“She was a cyborg, and she would never go to a ball.”Marissa Meyer, Cinder
I was hooked with that one line. I love fairytale retellings, but adding Cyborg parts and a Lunar colony? That was all new to me.
Rather than being the first child of her deceased father, he adopted Cinder under mysterious circumstances. Upon her father’s death, her stepmother uses her as labour, to provide income for the family. Unlike the original story where she maintains the house, this time Cinder(ella) is a mechanic, and a great one. It helps that she is part cyborg, so mechanical parts are natural to her nature.
The story takes place in New Beijing, far in the future, where technology is more developed but there remains social class separation and a newly developed class of part cyborgs. I don’t truly understand why people who receive cyborg parts as a medical condition reduces their status, but the story is told from Cinder’s point of view and she experiences the world as a cyborg.
The use of cyborgs in medical trials I found disturbing. More so, that no groups protesting were protesting the experimentation. Even if some of it was voluntary.
I travel in books; it is one reason I love picking up travel guides, historical books, and genre fiction. So I can travel through real and imaginary lands. I intended to travel to New Beijing through Cinder’s journey, but I found the setting details sparse. I would have loved more. Cinder’s job in the market could have been an incredibly detailed escape from her family, relationships develop in micro-communities. But we only saw her dissatisfaction in her life. This is possibly a challenge of book-length and story length. I am happy to read thick books with deep settings, so I look for that in books. Perhaps the series fills out with more details as it progresses.
Cinder is lonely and focused a lot of her internal thoughts on escaping her stepmother and finding her own life.
I liked the beginning of Cinder’s character. She is resourceful and cares about the beings important to her. When she sees a wrong against someone she cares about, she stands up and tries to make a difference. I appreciate her having agency and decide, even with the besotted prince asking her out, she focuses on her goals for a new life. Prince Kai, I wish, was more rounded. He has a lot of potential as a likable character, but I needed more to care about him. But I wasn’t a fan of Romeo in Romeo and Juliet either, I am not a big fan of the fall in love at first look and forget everything else important in their lives.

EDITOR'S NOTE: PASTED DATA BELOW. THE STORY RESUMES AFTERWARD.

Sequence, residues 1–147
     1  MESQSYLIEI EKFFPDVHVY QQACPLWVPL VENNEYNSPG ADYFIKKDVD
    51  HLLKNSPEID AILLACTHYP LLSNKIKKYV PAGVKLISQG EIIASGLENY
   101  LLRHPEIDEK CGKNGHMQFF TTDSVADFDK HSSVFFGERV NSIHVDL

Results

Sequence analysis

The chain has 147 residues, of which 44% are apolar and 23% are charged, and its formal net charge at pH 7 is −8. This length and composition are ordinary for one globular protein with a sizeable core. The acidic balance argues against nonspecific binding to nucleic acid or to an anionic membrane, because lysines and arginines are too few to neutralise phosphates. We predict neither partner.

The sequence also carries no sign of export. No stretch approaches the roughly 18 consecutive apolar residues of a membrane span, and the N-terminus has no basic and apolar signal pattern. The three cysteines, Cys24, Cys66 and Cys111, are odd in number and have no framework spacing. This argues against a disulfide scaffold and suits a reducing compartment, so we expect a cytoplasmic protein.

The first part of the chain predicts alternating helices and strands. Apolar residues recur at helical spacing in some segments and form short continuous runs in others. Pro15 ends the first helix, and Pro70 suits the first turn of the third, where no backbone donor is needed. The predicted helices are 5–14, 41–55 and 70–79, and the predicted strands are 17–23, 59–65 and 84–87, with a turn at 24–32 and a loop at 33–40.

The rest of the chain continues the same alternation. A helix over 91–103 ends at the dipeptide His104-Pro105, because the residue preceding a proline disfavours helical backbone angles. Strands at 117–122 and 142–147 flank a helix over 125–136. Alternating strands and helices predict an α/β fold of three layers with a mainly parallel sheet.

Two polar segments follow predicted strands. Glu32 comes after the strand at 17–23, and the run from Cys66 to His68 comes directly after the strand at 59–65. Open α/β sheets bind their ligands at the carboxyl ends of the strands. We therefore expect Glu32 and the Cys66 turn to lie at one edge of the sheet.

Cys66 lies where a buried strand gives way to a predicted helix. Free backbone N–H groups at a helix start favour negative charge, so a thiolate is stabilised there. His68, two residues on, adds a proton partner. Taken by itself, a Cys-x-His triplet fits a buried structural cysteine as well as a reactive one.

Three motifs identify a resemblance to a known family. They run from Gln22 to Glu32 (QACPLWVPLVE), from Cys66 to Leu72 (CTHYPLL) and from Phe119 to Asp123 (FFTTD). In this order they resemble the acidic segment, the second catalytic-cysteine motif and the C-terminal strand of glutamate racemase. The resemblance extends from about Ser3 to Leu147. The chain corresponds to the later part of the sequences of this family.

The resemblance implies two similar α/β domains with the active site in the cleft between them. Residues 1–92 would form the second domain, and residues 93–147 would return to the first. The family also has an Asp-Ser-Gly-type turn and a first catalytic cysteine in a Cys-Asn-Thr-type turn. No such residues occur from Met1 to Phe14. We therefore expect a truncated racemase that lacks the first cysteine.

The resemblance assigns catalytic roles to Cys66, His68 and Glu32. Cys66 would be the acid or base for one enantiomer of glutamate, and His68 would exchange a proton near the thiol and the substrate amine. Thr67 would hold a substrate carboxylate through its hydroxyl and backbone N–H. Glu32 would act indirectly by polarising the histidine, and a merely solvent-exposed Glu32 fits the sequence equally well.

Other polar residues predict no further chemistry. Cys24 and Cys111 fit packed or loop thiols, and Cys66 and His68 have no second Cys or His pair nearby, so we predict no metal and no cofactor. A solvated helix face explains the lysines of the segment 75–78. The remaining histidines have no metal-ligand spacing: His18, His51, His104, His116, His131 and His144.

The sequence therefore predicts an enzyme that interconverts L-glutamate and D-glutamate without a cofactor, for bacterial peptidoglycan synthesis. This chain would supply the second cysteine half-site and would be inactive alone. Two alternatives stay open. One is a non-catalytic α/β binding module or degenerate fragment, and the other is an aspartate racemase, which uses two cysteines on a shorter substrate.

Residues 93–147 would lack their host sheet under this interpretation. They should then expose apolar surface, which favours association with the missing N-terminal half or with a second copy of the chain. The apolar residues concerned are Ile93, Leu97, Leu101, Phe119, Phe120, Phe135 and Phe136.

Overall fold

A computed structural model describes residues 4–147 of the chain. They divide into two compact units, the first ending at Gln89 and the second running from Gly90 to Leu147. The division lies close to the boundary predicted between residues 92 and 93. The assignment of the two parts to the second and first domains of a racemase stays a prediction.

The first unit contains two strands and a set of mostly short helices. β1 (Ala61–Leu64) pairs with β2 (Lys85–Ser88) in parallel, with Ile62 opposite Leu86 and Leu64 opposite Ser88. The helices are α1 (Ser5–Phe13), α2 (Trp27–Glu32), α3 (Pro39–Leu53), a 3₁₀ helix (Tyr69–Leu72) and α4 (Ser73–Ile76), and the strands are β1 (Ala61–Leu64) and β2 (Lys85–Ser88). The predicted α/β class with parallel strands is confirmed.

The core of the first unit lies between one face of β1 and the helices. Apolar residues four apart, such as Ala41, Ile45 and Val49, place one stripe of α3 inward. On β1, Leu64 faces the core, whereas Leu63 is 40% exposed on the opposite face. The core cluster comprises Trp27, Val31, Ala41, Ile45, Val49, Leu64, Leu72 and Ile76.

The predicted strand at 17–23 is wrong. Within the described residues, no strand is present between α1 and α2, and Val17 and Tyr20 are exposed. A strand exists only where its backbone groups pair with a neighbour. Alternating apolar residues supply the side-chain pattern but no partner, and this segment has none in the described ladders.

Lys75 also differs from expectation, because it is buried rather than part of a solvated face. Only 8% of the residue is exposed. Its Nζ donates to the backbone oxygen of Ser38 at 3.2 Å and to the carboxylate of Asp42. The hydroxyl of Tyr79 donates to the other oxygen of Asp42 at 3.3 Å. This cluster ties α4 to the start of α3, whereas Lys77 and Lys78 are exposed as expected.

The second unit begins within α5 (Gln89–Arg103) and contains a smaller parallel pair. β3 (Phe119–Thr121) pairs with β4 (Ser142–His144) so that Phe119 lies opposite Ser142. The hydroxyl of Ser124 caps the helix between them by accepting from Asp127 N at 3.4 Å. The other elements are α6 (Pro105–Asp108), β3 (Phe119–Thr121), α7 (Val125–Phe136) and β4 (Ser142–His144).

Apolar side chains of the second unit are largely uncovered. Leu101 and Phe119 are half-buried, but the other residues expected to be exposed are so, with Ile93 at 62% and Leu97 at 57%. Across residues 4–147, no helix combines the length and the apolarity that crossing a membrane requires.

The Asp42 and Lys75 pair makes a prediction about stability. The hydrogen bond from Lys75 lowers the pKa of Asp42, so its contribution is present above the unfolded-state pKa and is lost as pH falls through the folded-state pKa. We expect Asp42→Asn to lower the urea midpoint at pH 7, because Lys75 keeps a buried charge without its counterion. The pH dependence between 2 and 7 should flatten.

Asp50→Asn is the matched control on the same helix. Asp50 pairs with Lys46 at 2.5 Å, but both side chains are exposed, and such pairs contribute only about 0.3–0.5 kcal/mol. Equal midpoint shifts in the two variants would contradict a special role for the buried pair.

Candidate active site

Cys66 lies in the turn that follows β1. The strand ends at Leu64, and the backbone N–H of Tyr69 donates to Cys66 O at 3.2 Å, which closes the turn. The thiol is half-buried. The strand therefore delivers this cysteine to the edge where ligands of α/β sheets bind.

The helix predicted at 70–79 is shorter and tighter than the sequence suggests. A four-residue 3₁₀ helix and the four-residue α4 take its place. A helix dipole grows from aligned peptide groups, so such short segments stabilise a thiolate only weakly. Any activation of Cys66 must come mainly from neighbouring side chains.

There are several developed characters all with their secrets, however, as this is a Cinderella retelling, we can match pretty well how they all fall into place. The twists were expected, but I enjoyed them regardless. Reading about a plague during our pandemic probably is why I had trouble immersing myself in the settings and the characters. All I have to do is look online or watch the news and I can see the finger-pointing and anger. The lengths people will go in their pain and fear. Her story was not too far off the mark.
I think it will be worth re-reading this in a couple of years when the pandemic has moved into memory, even as we live our new realities. There are always long-term effects when humanity undergoes duress. Hopefully, we will remember more of our lessons and humanity the next time around. Then I can read Cinder for the escapism instead of an alternated current event.
One last thing, the story does not end. I am not a fan of cliffhangers, so I will not continue reading the series. I purchase a book to read a full story. And it did not meet my needs for a satisfying ending. Regardless, the book series has great potential with more world-building. It is also unique from anything I have read before, and I appreciate that.
So, If you want to try a new take on Cinderella, this might be a good fit for you. You can go buy the series so you will not have to deal with the cliffhanger if they are not your thing.
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